1. The Elephant and the Rider
There is a story that I will summarise here about an elephant and a rider making their way along a trail in Africa. The rider represents our conscious mind and the elephant, the subconscious. Our conscious mind plans and thinks logically to lead the elephant in the best direction. Our conscious mind thinks it is in control of our subconscious mind, but just like the rider of an elephant, the rider cannot completely control the elephant. The elephant is far too strong and if it did not obey the rider’s instructions, there is little that the rider can do.
Sometimes our subconscious mind can get out of control when we are not thinking consciously. This is why exercise and eating mindfully work so well. With practice you can also predict when your conscious mind is about to lose control and take steps to prevent it. This is where we need to train our subconscious ‘elephant’ to fall into good habits, or give the rider a break to recover and rejuvenate so that he doesn’t become completely exhausted. It is easy to let the subconscious take over when we see a negative result on the scales or after one glass of alcohol or a poor food decision but that is the time to put the rider back in charge. You’ve had your fun, now get back to the plan – the long term plan.
2. The Can of Shaving Cream
The tricky thing about a can of shaving cream is that you never know when it is going to run out. There is no warning, no measure, no time limit. Our will power operates in a very similar way. It is well established in the scientific literature that will power is finite. Our ability to make decisions even over seemingly trivial matters like what to wear and what time to wake up and what route to take to work all take a toll on our will power. This explains why to some degree, why you can become completely exhausted at the end of the day or on a Friday afternoon. This exhaustion can precipitate some really poor decisions being made before we can top up our will power again. It is important to develop strategies that will support you when your will power is low or exhausted. Taking the time now to implement an action plan can save you from making some big mistakes and undoing all of your hard work in the future. It is one thing to come up with a healthy plan that works. That is hard enough. But to come up with a plan that can be repeated over and over and over again without exhausting your will power is beyond difficult. If you can create a psychology to match your physiology, then you are on a path to success.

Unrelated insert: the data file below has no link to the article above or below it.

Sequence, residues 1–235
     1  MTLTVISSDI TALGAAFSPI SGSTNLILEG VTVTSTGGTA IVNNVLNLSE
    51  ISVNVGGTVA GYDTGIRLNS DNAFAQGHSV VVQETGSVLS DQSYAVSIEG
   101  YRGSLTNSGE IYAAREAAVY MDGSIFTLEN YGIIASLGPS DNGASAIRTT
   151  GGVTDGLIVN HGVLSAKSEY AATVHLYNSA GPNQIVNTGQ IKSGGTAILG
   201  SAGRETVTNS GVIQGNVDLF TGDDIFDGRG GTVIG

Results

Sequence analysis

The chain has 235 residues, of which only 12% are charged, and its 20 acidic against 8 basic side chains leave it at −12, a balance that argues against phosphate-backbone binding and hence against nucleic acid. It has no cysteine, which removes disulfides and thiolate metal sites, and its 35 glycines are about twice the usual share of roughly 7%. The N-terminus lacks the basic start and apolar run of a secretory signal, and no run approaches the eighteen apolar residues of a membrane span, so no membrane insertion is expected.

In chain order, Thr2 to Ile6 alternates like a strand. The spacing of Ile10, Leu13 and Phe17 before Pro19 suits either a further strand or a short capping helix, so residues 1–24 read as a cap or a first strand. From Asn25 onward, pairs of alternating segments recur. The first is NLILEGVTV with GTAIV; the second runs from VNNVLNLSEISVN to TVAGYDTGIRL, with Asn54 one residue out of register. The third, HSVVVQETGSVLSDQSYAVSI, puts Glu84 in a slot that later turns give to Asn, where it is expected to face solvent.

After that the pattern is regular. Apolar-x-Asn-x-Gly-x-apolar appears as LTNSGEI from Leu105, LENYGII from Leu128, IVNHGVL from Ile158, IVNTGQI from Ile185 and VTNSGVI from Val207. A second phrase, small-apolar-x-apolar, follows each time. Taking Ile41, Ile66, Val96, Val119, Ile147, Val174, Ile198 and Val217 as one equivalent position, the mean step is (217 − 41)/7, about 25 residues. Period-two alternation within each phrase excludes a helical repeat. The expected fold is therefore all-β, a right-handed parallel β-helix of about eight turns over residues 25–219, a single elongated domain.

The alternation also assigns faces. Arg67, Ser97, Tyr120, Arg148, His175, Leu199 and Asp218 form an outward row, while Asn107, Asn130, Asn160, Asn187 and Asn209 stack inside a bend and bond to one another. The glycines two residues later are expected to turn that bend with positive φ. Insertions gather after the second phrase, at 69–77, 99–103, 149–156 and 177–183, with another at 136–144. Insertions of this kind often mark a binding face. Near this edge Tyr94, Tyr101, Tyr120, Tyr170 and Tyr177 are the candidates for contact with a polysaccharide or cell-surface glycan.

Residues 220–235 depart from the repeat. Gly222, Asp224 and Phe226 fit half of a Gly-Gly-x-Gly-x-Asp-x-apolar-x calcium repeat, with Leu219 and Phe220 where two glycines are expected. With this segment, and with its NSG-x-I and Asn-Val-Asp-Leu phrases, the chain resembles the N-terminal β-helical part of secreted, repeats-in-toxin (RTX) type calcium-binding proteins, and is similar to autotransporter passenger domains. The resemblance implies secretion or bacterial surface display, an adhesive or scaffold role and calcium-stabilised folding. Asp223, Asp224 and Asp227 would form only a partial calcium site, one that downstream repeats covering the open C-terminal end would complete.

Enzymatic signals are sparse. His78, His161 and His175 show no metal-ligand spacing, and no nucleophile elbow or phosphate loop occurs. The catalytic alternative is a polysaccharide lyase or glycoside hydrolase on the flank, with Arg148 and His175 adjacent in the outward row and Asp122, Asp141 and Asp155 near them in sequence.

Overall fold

The problem with diets is that they often put an overt amount of pressure on you. A high calorie deficit, restrictions on certain food groups and subsequent low energy levels can all lead to the type of exhaustion outlined in these 2 stories above. It is no wonder that high pressure dietary practices lead to failure, especially in the long term. Take care of your will power and set realistic goals and you are setting yourself up for long term, sustainable success.